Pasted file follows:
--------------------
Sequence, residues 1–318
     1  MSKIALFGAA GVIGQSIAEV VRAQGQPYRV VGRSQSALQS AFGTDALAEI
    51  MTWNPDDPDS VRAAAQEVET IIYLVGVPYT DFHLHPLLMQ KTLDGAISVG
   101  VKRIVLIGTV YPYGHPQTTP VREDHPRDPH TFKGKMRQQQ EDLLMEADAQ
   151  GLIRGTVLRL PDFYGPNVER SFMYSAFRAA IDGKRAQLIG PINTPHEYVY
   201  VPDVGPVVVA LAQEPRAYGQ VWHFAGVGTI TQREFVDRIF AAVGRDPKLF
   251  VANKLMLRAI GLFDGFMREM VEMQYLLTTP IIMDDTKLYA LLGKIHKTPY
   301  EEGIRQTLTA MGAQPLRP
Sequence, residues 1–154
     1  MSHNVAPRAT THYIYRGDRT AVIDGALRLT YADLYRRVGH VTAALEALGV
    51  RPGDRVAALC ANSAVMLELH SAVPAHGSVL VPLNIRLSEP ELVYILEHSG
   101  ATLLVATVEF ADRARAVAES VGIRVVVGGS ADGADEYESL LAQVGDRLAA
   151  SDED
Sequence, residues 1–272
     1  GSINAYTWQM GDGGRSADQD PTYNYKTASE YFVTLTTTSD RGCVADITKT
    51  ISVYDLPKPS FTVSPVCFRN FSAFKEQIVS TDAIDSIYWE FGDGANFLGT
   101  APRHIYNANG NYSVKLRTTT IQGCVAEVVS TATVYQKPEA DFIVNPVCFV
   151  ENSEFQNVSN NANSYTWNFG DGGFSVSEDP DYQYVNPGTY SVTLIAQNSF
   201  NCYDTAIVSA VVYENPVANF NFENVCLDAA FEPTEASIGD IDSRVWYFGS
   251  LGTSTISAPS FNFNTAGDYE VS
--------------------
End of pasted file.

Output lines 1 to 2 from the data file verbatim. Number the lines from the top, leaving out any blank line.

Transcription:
Sequence, residues 1–318
     1  MSKIALFGAA GVIGQSIAEV VRAQGQPYRV VGRSQSALQS AFGTDALAEI